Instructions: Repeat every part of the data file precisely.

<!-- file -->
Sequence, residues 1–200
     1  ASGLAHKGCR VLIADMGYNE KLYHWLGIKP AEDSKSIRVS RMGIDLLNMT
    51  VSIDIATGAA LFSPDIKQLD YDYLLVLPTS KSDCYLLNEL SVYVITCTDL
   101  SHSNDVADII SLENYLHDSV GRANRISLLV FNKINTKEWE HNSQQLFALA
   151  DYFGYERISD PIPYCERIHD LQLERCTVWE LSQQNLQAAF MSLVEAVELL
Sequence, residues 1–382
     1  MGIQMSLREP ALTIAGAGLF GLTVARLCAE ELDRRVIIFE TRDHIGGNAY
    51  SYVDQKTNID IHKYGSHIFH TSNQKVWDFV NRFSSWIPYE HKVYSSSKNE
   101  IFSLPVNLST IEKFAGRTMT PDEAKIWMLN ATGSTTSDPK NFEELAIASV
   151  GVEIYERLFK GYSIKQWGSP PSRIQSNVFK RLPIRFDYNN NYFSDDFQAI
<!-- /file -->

Sequence, residues 1–200
     1  ASGLAHKGCR VLIADMGYNE KLYHWLGIKP AEDSKSIRVS RMGIDLLNMT
    51  VSIDIATGAA LFSPDIKQLD YDYLLVLPTS KSDCYLLNEL SVYVITCTDL
   101  SHSNDVADII SLENYLHDSV GRANRISLLV FNKINTKEWE HNSQQLFALA
   151  DYFGYERISD PIPYCERIHD LQLERCTVWE LSQQNLQAAF MSLVEAVELL
Sequence, residues 1–382
     1  MGIQMSLREP ALTIAGAGLF GLTVARLCAE ELDRRVIIFE TRDHIGGNAY
    51  SYVDQKTNID IHKYGSHIFH TSNQKVWDFV NRFSSWIPYE HKVYSSSKNE
   101  IFSLPVNLST IEKFAGRTMT PDEAKIWMLN ATGSTTSDPK NFEELAIASV
   151  GVEIYERLFK GYSIKQWGSP PSRIQSNVFK RLPIRFDYNN NYFSDDFQAI